Then she had her plants in the conservatory and she liked looking after them." and "No. Maria had cut them herself. Joe was a good fellow. She talked a little through her nose. my dear. wiping their steaming hands in their petticoats and pulling down the sleeves of their blouses over their red steaming arms. She was very fond of that purse because Joe had brought it to her five years before when he and Alphy had gone to Belfast on a Whit-Monday trip. you are a veritable peace-maker!" And the sub-matron and two of the Board ladies had heard the compliment. Maria was a very. but if you went closer you would see that they had been cut into long thick even slices and were ready to be handed round at tea.spick and span: the cook said you could see yourself in the big copper boilers." She was always sent for when the women quarrelled Over their tubs and always succeeded in making peace. whenever anyone came to visit her. What a nice evening they would have. From Ballsbridge to the Pillar. They settled down before their huge mugs which the cook 59 ." After the break-up at home the boys had got her that position in the Dublin by Lamplight laundry. One day the matron had said to her: "Maria. always soothingly: "Yes. She would have five shillings clear after paying tram fare. The fire was nice and bright and on one of the side-tables were four very big barmbracks. In a few minutes the women began to come in by twos and threes. so genteel. She would be there before eight.-but she would have felt herself in the way (though Joe's wife was ever so nice with her) and she had become accustomed to the life of the laundry. In the purse were two half-crowns and some coppers. and she liked it. my dear. When the cook told her everything was ready she went into the women's room and began to pull the big bell. She used to have such a bad opinion of Protestants but now she thought they were very nice people. She had nursed him and Alphy too. but the matron was such a nice person to deal with. but still very nice people to live with. twenty minutes. from the Pillar to Drumcondra. Everyone was so fond of Maria. These barmbracks seemed uncut. She took out her purse with the silver clasps and read again the words A Present from Belfast. all the children singing! Only she hoped that Joe wouldn't come in drunk. And Ginger Mooney was always saying what she wouldn't do to the dummy who had charge of the irons if it wasn't for Maria. and Joe used often say: "Mamma is mamma but Maria is my proper mother. she always gave the visitor one or two slips from her conservatory. There was one thing she didn't like and that was the tracts on the walks. The women would have their tea at six o'clock and she would be able to get away before seven. and twenty minutes to buy the things. She had lovely ferns and wax-plants and. a little quiet and serious. twenty minutes. very small person indeed but she had a very long nose and a very long chin. Often he had wanted her to go and live with them. He was so different when he took any drink.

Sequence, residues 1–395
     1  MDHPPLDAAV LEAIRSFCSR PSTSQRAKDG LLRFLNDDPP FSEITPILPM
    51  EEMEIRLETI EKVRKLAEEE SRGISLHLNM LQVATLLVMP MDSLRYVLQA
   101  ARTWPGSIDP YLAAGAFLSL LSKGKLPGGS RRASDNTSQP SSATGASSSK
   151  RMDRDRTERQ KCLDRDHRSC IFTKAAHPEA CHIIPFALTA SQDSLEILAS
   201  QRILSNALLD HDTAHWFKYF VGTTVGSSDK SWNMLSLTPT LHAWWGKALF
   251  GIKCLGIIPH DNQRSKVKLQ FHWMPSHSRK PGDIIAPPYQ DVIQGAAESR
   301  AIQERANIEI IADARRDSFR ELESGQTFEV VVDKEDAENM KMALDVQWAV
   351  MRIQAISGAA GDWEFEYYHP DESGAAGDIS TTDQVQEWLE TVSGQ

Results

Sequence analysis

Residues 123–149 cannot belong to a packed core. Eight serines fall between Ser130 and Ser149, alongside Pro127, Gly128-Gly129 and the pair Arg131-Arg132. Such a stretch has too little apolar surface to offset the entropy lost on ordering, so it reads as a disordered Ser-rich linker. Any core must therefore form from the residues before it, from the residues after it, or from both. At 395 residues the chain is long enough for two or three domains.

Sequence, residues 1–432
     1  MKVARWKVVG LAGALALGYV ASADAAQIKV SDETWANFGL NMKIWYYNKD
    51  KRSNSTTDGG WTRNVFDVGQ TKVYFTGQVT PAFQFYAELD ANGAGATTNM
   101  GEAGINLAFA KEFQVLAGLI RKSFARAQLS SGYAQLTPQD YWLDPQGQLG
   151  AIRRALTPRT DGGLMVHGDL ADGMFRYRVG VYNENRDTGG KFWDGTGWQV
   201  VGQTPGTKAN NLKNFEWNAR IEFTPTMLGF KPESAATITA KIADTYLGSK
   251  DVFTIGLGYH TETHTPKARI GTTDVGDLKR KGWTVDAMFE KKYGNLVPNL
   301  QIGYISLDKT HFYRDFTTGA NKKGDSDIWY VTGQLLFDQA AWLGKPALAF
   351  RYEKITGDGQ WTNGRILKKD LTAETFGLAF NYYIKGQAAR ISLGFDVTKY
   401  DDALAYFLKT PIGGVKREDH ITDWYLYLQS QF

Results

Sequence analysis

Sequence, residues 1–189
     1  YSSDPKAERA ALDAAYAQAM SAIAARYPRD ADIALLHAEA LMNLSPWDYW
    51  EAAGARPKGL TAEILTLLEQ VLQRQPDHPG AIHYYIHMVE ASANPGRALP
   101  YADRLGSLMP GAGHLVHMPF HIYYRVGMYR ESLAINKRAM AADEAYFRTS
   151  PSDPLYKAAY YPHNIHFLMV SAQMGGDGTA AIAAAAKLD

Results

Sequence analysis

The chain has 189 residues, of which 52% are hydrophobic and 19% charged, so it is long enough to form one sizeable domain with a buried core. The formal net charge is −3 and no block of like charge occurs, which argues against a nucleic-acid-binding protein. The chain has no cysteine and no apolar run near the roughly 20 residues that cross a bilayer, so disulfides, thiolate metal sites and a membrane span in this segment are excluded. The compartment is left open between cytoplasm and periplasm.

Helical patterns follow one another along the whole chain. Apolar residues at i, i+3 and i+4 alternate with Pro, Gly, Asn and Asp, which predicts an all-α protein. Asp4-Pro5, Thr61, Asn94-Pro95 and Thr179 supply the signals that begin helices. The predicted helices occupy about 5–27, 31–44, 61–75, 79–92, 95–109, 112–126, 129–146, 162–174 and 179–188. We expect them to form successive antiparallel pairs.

Then she took off her working skirt and her house-boots and laid her best skirt out on the bed and her tiny dress-boots beside the foot of the bed. though Fleming had said that for so many Hallow Eves. She bought a dozen of mixed penny cakes. She went into Downes's cake-shop but the shop was so full of people that it was a long time before she could get herself attended to. and when she laughed her grey-green eyes sparkled with disappointed shyness and the tip of her nose nearly met the tip of her chin. parcelled it up and said: 60 . Here she was a long time in suiting herself and the stylish young lady behind the counter.and the dummy filled up with hot tea. already mixed with milk and sugar in huge tin cans. She changed her blouse too and. She arranged in her mind all she was going to do and thought how much better it was to be independent and to have your own money in your pocket. That made Maria blush and smile at the young lady. She got out of her tram at the Pillar and ferreted her way quickly among the crowds. of course. but the young lady took it all very seriously and finally cut a thick slice of plumcake. she thought of how she used to dress for mass on Sunday morning when she was a young girl. Lizzie Fleming said Maria was sure to get the ring and. But wasn't Maria glad when the women had finished their tea and the cook and the dummy had begun to clear away the tea-things! She went into her little bedroom and. She decided to buy some plumcake but Downes's plumcake had not enough almond icing on top of it so she went over to a shop in Henry Street. Then Ginger Mooney lifted her mug of tea and proposed Maria's health while all the other women clattered with their mugs on the table. Maria had to laugh and say she didn't want any ring or man either. with her toes barely touching the floor. When she got outside the streets were shining with rain and she was glad of her old brown waterproof. She was sure they would but she could not help thinking what a pity it was Alphy and Joe were not speaking. remembering that the next morning was a mass morning. and she looked with quaint affection at the diminutive body which she had so often adorned. It was hard to know what to buy and all she could think of was cake. They were always falling out now but when they were boys together they used to be the best of friends: but such was life. changed the hand of the alarm from seven to six. Then she thought what else would she buy: she wanted to buy something really nice. They would be sure to have plenty of apples and nuts. asked her was it wedding-cake she wanted to buy. facing all the people. The tram was full and she had to sit on the little stool at the end of the car. she had the notions of a common woman. She hoped they would have a nice evening. In spite of its years she found it a nice tidy little body. Maria superintended the distribution of the barmbrack and saw that every woman got her four slices. who was evidently a little annoyed by her. and at last came out of the shop laden with a big bag. as she stood before the mirror. And Maria laughed again till the tip of her nose nearly met the tip of her chin and till her minute body nearly shook itself asunder because she knew that Mooney meant well though. and said she was sorry she hadn't a sup of porter to drink it in. There was a great deal of laughing and joking during the meal.